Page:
International Developed Markets is represented by the MSCI EAFE Index is an equity index which captures large and mid cap representation across 21 Developed Markets countries* around the world, excluding the US and Canada. With 921 constituents, the index covers approximately 85% of the free float-adjusted market capitalization in each country. Emerging Markets is represented by the MSCI Emerging Markets Index captures large and mid cap representation across 24 Emerging Markets (EM) countries*. With 1,125 constituents, the index covers approximately 85% of the free float-adjusted market capitalization in each country.

Growth is represented by the Russell 1000® Growth Index measures the performance of those Russell 1000® Index companies with lower price-to-book

ratios and lower forecasted growth values.

Value is represented by the Russell 1000® Value Index measures the performance of those Russell 1000® Index companies with higher price-to-book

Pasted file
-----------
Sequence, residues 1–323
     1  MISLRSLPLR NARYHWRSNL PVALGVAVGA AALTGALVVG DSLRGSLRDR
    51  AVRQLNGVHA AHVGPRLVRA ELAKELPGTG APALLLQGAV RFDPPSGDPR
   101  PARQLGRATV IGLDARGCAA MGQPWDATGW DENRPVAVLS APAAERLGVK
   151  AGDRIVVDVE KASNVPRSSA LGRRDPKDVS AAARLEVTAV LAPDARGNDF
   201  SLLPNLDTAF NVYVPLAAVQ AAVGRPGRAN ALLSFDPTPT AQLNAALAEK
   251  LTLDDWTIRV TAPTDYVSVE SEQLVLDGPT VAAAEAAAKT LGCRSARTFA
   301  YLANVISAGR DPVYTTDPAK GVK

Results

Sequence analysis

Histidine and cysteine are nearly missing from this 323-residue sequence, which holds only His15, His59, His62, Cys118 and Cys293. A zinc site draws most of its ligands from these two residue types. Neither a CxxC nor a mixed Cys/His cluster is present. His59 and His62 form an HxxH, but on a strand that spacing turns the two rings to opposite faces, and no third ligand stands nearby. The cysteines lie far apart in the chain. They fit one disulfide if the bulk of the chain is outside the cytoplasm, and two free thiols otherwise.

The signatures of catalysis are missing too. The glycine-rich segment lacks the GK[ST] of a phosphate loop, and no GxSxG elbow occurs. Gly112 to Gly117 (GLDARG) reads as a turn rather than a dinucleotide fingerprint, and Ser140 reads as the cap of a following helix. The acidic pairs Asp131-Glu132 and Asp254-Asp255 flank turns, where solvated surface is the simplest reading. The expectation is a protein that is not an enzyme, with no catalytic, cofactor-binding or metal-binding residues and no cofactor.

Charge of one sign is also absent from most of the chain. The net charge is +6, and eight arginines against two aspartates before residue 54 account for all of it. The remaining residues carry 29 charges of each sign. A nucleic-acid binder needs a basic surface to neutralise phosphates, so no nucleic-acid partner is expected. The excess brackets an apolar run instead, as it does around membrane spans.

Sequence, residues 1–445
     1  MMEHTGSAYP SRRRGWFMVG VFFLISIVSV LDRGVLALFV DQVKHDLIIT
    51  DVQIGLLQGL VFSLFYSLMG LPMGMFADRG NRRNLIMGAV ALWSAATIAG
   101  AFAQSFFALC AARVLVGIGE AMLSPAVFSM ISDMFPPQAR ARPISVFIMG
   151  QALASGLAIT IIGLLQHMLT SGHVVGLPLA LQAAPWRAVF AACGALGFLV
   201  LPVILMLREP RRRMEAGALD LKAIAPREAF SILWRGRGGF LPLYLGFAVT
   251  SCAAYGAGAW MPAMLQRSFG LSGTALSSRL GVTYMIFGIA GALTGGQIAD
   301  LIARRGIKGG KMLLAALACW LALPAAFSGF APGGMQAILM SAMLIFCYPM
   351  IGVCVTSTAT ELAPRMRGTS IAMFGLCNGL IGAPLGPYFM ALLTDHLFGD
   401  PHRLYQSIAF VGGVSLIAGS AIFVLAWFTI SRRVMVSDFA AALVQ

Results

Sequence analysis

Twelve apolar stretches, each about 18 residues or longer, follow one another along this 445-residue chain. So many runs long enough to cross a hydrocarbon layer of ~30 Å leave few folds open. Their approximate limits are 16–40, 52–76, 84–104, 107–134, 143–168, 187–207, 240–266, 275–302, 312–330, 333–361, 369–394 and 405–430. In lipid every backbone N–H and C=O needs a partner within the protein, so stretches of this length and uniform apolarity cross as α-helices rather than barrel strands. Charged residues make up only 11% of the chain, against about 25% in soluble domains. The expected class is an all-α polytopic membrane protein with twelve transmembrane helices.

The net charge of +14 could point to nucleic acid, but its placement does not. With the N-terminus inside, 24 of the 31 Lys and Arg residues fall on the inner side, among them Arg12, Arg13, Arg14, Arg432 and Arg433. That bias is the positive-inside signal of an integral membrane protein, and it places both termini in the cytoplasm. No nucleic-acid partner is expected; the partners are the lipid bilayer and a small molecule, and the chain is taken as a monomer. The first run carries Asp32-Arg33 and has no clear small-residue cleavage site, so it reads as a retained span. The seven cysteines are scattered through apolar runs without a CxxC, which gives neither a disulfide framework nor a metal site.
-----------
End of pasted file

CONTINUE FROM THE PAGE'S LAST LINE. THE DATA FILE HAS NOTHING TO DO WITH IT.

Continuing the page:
ratios and higher forecasted growth values

US Government Bonds are represented by the Bloomberg Barclays US Government Index which is an unmanaged index comprised of all publicly issued, non-convertible domestic debt of the US government or any agency thereof, or any quasi-federal corporation and of corporate debt guaranteed by the US government

US Mortgage-Backed Securities are represented by the US Mortgage-Backed Securities (MBS) Index which covers agency mortgage-backed pass-through securities (both fixed-rate and hybrid ARM) issued by Ginnie Mae (GNMA), Fannie Mae (FNMA), and Freddie Mac (FHLMC).

US Investment Grade Corporate Bonds are represented by the Bloomberg Barclays US Corporate Investment Grade Index which is an unmanaged index consisting of publicly issued US Corporate and specified foreign debentures and secured notes that are rated investment grade (Baa3/BBB- or higher) by at least two ratings agencies, have at least one year to final maturity and have at least $250 million par amount outstanding.

US High Yield Corp is represented by the ICE BofAML U.S. High Yield Index tracks the performance of below investment grade, but not in default, US dollar denominated corporate bonds publicly issued in the US domestic market, and includes issues with a credit rating of BBB or below, as rated by Moody’s and S&P.